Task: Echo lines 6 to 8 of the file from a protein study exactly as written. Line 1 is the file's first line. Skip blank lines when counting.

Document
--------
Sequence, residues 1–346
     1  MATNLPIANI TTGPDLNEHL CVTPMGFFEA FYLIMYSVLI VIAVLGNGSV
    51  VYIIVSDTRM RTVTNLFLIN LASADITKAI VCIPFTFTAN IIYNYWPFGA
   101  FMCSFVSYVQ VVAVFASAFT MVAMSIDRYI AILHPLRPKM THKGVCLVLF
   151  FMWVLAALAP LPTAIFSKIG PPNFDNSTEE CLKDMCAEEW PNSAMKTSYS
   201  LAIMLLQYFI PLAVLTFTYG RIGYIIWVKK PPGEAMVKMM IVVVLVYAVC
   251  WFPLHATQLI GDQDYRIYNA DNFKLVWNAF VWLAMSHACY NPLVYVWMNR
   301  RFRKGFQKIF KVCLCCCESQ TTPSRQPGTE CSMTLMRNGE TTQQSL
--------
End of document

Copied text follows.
   201  LAIMLLQYFI PLAVLTFTYG RIGYIIWVKK PPGEAMVKMM IVVVLVYAVC
   251  WFPLHATQLI GDQDYRIYNA DNFKLVWNAF VWLAMSHACY NPLVYVWMNR
   301  RFRKGFQKIF KVCLCCCESQ TTPSRQPGTE CSMTLMRNGE TTQQSL